Bene Israel

Doctrines The Jews of the Bombay region of India believe themselves to be descended from Jews who had escaped from the persecution of Antiochus Epiphanes (175-163 BCE) (See Ancient Judaism). Shipwrecked on the coast south of Bombay with nothing but oral relics of their religion, and entirely cut off from other Jews until the eighteenth century, they nonetheless called themselves Bene Israel "children of Israel" and succeeded in preserving a form of Judaism. They knew no Hebrew and did not have any Hebrew texts, but could recite the Shema and celebrated the sabbath day and some of the festivals. They practised circumcision and observed some of the dietary laws, but they also adopted Hindu practices such as not eating beef, prohibiting widows from remarrying and a form of caste system.

History The early origins of this community are unknown. Under the British authorities they came into contact with other Jews, including the Cochin Jews (see Cochin Jews), and the first Bene Israel synagogue was built in Bombay in 1796. Joined by Jews from Europe and the Middle East, the Bombay community grew dramatically and the first synagogue was soon too small. A larger synagogue was built on the same site in 1860, and two more were built in other districts of Bombay by the end of the century. Before the emigration of the Bene Israel to Israel after 1948, they had more than 20 synagogues. Most now live in Israel, where there was controversy over their Jewishness, until the Orthodox Chief Rabbinate decreed in 1962 that marriage with Bene Israel was permitted, and the Israeli prime minister issued a statement in 1964 that the government of Israel regards them as Jews in every respect.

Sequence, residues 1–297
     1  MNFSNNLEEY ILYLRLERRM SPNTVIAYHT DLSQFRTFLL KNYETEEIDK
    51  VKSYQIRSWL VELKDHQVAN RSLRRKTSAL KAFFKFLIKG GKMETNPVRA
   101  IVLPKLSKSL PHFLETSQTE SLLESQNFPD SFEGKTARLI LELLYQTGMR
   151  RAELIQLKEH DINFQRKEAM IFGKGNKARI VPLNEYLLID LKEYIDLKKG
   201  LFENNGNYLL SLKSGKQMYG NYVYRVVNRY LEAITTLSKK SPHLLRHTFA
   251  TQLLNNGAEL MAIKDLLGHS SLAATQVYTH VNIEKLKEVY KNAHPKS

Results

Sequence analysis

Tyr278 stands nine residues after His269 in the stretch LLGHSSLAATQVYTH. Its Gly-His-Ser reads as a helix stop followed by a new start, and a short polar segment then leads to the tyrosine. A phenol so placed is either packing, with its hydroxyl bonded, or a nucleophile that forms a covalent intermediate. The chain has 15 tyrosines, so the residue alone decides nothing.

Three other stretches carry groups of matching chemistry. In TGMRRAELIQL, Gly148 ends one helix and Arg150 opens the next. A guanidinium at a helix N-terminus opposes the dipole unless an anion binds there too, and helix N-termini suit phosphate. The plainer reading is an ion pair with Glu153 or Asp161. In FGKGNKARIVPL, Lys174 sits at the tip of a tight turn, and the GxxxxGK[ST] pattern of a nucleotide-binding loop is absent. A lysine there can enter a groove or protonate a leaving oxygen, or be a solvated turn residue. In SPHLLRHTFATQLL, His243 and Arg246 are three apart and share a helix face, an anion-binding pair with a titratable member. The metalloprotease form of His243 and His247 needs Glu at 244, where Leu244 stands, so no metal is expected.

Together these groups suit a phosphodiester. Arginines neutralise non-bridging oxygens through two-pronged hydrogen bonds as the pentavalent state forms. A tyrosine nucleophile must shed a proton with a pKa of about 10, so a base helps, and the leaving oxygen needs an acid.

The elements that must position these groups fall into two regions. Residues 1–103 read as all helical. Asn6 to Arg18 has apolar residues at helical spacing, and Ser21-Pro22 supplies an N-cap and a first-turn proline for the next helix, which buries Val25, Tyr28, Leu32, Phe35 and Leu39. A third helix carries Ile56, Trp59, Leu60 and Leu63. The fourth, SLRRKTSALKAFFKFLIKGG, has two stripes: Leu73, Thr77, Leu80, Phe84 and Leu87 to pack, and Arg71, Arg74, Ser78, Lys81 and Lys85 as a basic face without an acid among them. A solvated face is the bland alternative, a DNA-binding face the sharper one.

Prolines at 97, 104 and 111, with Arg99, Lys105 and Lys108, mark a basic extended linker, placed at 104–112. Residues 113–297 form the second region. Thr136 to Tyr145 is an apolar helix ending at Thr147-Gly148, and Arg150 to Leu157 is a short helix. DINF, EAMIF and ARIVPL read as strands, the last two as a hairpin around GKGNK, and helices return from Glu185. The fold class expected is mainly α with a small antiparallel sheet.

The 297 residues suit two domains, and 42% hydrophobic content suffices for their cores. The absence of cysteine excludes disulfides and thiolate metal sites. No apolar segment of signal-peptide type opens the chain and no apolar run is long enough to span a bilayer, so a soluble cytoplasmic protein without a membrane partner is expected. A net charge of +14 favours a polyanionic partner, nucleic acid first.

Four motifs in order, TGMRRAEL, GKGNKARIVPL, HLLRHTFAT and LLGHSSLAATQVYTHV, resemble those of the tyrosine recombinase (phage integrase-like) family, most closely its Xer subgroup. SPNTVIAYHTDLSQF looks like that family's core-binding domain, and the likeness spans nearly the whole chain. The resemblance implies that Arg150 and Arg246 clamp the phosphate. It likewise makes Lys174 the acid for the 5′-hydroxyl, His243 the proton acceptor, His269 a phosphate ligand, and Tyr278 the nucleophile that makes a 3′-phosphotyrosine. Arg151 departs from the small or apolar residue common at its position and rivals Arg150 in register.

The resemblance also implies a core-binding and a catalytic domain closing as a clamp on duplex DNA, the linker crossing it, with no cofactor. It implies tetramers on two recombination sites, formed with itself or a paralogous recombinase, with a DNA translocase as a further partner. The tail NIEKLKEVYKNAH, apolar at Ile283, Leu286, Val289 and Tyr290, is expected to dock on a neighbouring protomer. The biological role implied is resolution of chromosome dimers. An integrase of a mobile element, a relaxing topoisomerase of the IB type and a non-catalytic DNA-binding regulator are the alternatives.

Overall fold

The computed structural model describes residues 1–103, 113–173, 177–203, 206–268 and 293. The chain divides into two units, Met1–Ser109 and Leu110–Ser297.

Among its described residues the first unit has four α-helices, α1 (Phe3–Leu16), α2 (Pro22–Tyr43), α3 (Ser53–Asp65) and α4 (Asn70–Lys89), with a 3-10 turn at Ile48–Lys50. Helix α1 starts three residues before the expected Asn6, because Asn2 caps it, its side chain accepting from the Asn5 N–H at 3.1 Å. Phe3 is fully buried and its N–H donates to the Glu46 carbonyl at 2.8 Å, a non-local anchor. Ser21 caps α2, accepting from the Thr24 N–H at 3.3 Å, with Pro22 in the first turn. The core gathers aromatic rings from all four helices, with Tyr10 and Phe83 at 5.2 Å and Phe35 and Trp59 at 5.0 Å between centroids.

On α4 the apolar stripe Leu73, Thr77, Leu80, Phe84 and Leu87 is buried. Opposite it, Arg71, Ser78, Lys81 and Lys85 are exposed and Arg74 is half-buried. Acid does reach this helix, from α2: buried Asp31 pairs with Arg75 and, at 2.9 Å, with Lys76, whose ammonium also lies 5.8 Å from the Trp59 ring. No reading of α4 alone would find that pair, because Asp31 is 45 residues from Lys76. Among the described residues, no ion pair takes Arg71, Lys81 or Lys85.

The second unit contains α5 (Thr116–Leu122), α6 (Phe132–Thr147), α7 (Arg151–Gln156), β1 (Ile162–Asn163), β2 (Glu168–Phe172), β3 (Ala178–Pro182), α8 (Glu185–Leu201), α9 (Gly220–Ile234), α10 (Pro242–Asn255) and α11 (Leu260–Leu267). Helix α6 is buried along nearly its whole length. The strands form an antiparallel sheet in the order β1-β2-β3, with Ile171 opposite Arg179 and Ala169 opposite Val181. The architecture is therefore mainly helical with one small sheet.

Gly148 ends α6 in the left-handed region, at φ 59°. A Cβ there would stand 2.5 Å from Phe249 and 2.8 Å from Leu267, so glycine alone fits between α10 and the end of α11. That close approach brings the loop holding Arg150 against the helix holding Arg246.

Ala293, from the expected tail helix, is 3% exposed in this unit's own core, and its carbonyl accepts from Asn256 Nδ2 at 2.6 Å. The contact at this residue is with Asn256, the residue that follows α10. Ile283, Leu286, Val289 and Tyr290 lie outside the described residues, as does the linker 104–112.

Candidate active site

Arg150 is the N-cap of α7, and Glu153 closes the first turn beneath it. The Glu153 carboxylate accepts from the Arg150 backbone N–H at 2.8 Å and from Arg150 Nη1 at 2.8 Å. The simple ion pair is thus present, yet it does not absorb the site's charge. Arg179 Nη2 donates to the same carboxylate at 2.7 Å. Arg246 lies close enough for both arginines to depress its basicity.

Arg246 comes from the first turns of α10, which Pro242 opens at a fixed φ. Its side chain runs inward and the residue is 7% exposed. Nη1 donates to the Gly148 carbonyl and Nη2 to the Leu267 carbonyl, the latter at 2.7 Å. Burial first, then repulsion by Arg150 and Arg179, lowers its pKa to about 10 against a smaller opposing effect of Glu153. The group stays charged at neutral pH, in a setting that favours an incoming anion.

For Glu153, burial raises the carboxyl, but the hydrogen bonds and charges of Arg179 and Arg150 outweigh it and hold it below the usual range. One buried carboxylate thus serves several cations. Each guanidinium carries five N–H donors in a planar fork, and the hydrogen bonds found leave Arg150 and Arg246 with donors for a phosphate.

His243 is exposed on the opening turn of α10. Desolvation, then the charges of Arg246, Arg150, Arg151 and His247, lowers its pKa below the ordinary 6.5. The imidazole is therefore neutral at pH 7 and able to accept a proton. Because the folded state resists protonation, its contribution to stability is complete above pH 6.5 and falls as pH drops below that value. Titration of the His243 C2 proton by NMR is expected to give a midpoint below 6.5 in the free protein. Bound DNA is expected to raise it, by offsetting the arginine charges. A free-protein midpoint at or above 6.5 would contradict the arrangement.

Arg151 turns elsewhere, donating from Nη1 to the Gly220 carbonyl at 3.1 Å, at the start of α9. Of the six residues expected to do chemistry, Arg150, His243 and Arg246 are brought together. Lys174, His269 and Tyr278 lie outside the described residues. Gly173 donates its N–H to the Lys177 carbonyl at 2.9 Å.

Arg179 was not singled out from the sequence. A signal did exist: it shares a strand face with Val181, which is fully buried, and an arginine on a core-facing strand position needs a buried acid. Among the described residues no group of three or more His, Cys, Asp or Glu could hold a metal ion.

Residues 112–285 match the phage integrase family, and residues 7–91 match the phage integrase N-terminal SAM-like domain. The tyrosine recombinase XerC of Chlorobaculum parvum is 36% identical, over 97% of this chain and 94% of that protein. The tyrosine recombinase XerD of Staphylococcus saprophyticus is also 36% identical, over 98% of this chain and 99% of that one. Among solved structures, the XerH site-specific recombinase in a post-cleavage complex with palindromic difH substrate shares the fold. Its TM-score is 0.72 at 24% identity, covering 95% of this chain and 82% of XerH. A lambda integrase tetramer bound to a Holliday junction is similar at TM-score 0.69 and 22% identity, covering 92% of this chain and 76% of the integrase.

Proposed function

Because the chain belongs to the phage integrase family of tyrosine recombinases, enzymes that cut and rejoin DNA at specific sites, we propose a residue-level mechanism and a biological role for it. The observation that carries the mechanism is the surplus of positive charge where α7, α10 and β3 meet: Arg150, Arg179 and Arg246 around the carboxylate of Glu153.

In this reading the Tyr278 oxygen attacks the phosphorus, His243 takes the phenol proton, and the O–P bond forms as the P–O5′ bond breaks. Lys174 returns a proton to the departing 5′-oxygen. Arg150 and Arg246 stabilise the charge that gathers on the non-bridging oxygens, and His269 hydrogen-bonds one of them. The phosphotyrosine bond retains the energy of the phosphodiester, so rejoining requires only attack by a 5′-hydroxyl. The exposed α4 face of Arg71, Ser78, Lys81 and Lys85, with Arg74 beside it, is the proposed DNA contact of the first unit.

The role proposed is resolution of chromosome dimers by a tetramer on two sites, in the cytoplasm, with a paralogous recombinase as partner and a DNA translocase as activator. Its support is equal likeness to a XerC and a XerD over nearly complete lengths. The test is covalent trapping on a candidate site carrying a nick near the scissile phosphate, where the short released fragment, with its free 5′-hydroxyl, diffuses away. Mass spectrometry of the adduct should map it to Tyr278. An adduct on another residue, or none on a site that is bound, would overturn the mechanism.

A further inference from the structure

Symbols Bene Israel employ the same symbols as other Jewish traditions. However, their ritual bears evidence of the influence of their Indian context. Occasions of thanksgiving are followed by the recital of blessings over a concoction of parched rice, shredded coconut, raisins and spices (called malida). These are eaten by everyone who is present, with two kinds of fruit.

Adherents The number of Bene Israel in India rose from about 7000 in the 19th century to about 24,000 in 1947. There are now approximately 8000 in Israel.

Main Centre
 Council of Indian Jewry, c/o The Jewish Club, Second Floor, Jeroo Building, 137 Mahatma Gandhi Road, Bombay, 400023. Telephone: 271628